When he takes office on New Year’s Day, the new United Nations Secretary General Antonio Guterres will pick up the most poisoned of chalices – Syria. Last week, following successive Russian vetoes in the UN Security Council, by a large majority, the United Nations General Assembly supported a Canadian resolution condemning the “extensive and persistent violations of international humanitarian and international human rights laws” in Syria. It called for prosecutions of those responsible. Showing that distaste for mass murder by tyrannical regimes is not just a “Western Imperialist” concept, 123 countries voted for the resolution with only 13 opposing. But the US seems to cope with being outvoted regularly in the Assembly; Putin probably thinks he can also.
The successive Russian vetoes have included one preventing the International Criminal Court from investigating potential crimes committed by all parties in the conflict, which suggests that Putin knows where the burden of guilt is mostly weighted. It is interesting to see the arguments about the sacred nature of state sovereignty from the government that annexed the Crimea and detached large portions of Georgia, on behalf of the regime that occupied Lebanon for many years and almost certainly arranged the assassination of its Prime Minister Rafik Hariri.
The situation has many of the features of the Balkan Wars, but has caused even more casualties and suffering than they did. After Srebrenica and Rwanda, the UN said “never again” all over again. But now, just as the ruthlessly amoral Slobodan Milosevic found useful idiots to present him as an anti-imperialist hero, Bashir Al-Assad has a chorus of support among people who should know better. The Baathists in Syria, now hailed as being the front line of defence against imperialism and terrorism, were traditionally supporters of various ruthless terrorist factions, despite joining the US in Desert Storm against Iraq. Syria also had some of the most adept torturers in the world – which is why the US sub-contracted with the regime to abuse prisoners on its behalf.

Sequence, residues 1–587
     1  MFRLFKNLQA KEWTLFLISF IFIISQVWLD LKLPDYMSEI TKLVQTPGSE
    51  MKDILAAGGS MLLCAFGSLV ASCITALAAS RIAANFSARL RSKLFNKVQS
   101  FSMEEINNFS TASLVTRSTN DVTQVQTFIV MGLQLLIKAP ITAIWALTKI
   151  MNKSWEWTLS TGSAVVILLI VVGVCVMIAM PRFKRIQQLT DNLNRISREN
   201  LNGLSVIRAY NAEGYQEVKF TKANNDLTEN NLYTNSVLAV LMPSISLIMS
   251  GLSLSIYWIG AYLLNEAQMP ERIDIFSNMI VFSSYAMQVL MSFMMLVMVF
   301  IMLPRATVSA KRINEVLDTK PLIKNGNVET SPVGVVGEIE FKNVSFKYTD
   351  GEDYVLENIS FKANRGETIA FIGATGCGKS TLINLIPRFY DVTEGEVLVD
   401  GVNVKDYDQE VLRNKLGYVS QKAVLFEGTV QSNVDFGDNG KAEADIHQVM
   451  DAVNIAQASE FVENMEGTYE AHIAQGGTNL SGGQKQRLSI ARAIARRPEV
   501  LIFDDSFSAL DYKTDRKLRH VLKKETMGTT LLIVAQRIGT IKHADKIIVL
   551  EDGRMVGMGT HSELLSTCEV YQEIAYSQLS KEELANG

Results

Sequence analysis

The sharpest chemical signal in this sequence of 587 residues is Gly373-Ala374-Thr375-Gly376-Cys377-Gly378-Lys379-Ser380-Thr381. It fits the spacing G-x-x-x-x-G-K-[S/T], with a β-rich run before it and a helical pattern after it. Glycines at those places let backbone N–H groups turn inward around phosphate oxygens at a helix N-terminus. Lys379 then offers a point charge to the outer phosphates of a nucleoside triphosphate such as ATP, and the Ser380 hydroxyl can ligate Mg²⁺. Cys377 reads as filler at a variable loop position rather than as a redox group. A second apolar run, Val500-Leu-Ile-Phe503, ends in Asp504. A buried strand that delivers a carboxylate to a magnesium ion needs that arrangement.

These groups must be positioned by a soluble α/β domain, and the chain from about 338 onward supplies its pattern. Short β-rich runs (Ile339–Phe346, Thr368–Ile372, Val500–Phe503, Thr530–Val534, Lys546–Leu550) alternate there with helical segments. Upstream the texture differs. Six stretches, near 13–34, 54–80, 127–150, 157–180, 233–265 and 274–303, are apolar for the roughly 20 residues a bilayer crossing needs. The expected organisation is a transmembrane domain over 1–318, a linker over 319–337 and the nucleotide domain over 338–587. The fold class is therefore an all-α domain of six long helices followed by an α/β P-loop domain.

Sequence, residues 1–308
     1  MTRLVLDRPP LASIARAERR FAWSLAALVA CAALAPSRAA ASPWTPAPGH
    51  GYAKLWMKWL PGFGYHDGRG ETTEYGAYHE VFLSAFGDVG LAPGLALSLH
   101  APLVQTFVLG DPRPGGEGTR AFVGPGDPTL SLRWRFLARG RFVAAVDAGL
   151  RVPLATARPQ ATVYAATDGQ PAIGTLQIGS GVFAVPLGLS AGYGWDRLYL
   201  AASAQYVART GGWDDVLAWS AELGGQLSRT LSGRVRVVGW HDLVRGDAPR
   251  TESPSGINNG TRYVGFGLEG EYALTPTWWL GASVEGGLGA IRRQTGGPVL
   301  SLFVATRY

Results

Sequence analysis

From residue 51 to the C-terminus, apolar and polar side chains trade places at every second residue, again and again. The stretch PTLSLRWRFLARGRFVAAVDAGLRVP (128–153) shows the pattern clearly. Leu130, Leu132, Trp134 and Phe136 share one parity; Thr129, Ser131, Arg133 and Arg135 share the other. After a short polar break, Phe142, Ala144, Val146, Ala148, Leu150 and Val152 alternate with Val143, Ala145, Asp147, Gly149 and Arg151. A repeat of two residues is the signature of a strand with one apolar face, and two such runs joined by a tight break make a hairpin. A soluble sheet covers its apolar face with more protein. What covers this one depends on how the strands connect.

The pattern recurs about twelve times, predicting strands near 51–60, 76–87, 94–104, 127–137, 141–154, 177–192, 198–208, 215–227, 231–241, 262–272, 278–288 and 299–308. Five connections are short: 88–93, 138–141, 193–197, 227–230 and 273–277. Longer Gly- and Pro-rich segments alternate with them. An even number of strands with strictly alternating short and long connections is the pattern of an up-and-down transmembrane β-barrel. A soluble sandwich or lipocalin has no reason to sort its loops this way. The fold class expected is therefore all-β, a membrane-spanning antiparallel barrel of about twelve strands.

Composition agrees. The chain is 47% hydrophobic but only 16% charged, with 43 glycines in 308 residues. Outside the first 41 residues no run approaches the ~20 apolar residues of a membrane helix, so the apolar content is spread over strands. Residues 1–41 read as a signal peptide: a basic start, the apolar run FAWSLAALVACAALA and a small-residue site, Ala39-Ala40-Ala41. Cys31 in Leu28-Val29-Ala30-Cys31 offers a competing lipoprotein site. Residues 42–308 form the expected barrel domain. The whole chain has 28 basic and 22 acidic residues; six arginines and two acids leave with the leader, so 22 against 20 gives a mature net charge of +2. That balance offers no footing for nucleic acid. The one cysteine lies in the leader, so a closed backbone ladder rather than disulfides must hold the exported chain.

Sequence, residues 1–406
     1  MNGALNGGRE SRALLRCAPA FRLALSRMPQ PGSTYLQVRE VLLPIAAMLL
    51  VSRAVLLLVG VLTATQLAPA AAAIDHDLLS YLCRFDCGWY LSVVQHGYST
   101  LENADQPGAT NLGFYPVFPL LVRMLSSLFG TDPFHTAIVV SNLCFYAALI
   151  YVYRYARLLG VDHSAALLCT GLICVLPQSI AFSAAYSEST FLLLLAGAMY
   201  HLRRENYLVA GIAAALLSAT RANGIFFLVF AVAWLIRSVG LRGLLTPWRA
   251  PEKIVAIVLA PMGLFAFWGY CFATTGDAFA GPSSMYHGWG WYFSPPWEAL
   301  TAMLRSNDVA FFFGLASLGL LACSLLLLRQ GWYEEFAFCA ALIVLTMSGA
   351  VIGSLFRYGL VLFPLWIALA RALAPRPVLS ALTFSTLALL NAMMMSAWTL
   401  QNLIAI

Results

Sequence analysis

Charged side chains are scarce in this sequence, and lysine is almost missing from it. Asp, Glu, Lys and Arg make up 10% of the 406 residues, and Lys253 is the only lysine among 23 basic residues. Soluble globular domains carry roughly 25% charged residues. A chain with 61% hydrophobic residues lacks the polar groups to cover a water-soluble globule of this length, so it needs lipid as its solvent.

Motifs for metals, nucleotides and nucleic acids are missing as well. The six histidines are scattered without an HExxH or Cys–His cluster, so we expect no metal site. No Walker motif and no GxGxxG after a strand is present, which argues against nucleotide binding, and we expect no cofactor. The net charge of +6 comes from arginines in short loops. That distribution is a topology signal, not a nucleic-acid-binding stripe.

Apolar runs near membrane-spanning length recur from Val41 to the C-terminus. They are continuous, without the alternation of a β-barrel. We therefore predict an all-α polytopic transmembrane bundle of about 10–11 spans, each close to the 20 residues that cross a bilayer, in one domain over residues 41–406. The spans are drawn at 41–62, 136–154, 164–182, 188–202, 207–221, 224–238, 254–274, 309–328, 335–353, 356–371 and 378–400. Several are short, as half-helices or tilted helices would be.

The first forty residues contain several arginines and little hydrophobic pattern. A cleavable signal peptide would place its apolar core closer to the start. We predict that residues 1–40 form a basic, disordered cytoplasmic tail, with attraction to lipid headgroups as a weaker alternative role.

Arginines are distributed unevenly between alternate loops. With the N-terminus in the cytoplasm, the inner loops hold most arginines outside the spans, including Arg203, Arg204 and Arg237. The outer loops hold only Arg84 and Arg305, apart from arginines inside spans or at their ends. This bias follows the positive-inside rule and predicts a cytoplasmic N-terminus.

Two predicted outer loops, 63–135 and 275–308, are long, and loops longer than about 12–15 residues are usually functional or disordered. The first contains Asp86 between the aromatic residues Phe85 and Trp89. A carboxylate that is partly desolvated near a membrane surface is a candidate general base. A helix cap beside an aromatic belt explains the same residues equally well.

Evil is globalized. The Russians in Chechnya showed how well they had learnt from the US to destroy towns and villages to save them, and Putin and the Assad regime apply the same tactics in Aleppo. The kind of massive human suffering in Syria is exactly what Kofi Annan envisaged when he persuaded the world summit of 2005 to adopt his new doctrine of the “Responsibility to Protect”.
But Moscow has no monopoly on inconsistency or hypocrisy. Among those fulminating at the UN against Al-Assad’s crimes was Saudi Arabia, whose assaults on Yemen include targeting civilians and hospitals with the material and moral support of Britain and the USA. Even Trudeau’s Canada, which moved the General Assembly resolution, is now one of the tiny band of countries that votes with the US over Israel and the Occupied Territories.
Kofi Annan tried, but resigned as special representative for Syria when it became clear that none of the major powers were prepared to take whatever measures were necessary. Russia and Iran directly supported the regime while the West was unable or unwilling to keep out the Gulf States who armed and financed the more mediaeval elements of the opposition. Nor could Washington control Erdogan’s Turkey, which offered varying degrees of support to Islamists while pursuing its feud with the Kurds whenever it could.
While Ban had a fair idea of what Washington would or would not deliver in support for the UN, Guterres now has to cope with a US government whose foreign policy is based on random tweets and eccentric appointments. The likely secretary of state is an oil magnate whose company has fought even the concept of global warming – but who might be even warmer to the Saudis and indeed to Putin. Trump’s nominee for number 2 at State is rumoured to be John Bolton, the palaeocon who has made dismantling the UN his life’s work, and the UN Ambassador designate is a Tea Party supporter whose major foreign policy qualification seems to be that she had Indian parents.
While many people understandably have mixed feelings about the US role in the world, a sudden UNexit is a recipe for chaos. If any grownups do get a hand on the foreign policy tiller, they might appreciate that Washington needs the UN as much as, if not more, as the UN needs the USA. Apart from creating a desert and calling it peace, as the current Russian plan seems to be, Guterres has his work cut out and not just in Syria. He is eminently well qualified for the position and could revive an organization about which even many of its best supporters feel the magic is gone! However, while it would be good if he could count on predictable US input, the mental hiatus in Washington might well give him opportunities to make changes in the UN before the Trump administration can even get around to leaning on him.